How a Boy Learned to Recognize Privilege

Peter Fenton, a boy who is both very white and very male

Before I really get started, let’s call out the elephant in the room that, as a white man, I’m probably not the best candidate to offer a wholesale lecture on privilege. At no point have the difficulties in my life came from the fact that I am white nor the fact that I am male. Most institutions here in the United States, especially the evangelical circles I grew up in, were made for people of my demographic to be the ones holding the most power – which is specifically what this theory addresses. So with that in mind, I simply plan to offer my perspective on the story of my recognizing my own privilege and some of the ways my perspective changed.

It was October 2013 and I was a bright-eyed know-it-all freshman at Wheaton College. I had one project standing between me and my very first Fall Break: I had to give a 10-15 minute presentation summarizing the arguments of two sides of any controversial topic of my choosing. Classmates had chosen topics such as the morality of abortion, the gay marriage debate, the morality of war, et cetera. I recall #BlackLivesMatter had just emerged the previous summer and a classmate presented on that and laid out the reasons behind it and why some people were taking issue with it – and all of these were topics that fit the bill.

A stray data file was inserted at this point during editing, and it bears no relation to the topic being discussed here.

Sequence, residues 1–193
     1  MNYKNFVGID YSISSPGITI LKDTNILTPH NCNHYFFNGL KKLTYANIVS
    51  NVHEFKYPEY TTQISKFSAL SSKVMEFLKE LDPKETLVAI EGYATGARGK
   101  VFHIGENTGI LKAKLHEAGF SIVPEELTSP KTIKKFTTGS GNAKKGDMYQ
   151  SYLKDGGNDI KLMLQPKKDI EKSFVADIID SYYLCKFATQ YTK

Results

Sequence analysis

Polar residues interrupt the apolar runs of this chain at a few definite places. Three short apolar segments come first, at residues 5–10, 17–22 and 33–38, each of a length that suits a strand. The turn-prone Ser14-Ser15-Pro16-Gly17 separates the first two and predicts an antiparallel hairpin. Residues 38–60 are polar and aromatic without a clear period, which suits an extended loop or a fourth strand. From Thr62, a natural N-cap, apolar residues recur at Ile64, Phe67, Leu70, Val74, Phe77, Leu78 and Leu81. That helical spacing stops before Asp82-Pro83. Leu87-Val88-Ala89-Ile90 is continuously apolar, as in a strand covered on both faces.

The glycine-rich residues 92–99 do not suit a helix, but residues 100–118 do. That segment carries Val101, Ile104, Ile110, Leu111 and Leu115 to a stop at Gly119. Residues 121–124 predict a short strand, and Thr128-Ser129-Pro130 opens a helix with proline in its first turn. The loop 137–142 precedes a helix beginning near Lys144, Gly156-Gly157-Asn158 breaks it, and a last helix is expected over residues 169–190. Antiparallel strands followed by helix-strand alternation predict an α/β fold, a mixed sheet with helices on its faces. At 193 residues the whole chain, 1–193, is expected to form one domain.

A week before the presentation, we had to go into our Professor’s office and talk her through our proposed topic and outline for the two different sides of the issue. At the time, I considered myself a complementarian and was really into the ideas of “strong biblical manhood” and “biblical gender roles”. I don’t recall what exactly my plan was or how exactly I framed the topic, but I really wanted to do a presentation specifically about Men and Male Friendships. I walked into Dr. Tomuletiu’s office and laid out my case for whatever “controversial topic” I tried to create about “the Male Experience” and she said to me, “This is not controversial. This is a project for nobody.”

Eventually, she guided me into a better project idea related to gender: I ended up outlining the cases for and against women being allowed to preach (I also ended up with an A on my presentation, not that you asked). But I left my meeting with Dr. Tomuletiu kind of pissy. Why?, I thought, Why is nobody talking about white men? Why is my struggle not seen with all this talk about women and people of color and gay people? (FYI, I feel a little gross writing that question out now). I never really asked that question out loud, but I really wanted that question to be answered. I got my answer about a year later.

Peter Fenton in 2014. Still very white and very male

It was August of 2014 and I had just turned 19 the night before. I was a little more jaded than I was the previous year, but I held most of the same views. My first day of sophomore year had arrived and my very first class of the year was COMM 223: Gender and Communication with my new academic advisor, Dr. Langan. Dr. Langan is an amazing teacher and human being, first and foremost, but she was something of an anomaly within the evangelical Wheaton College faculty. Namely, she is a thoroughly career-minded woman who never married and never had children. While she is hardly the first person to ever exist in that demographic, she was one of the few on the Wheaton faculty in my time there. She earned my trust right away as someone authoritative to speak about communication and gender.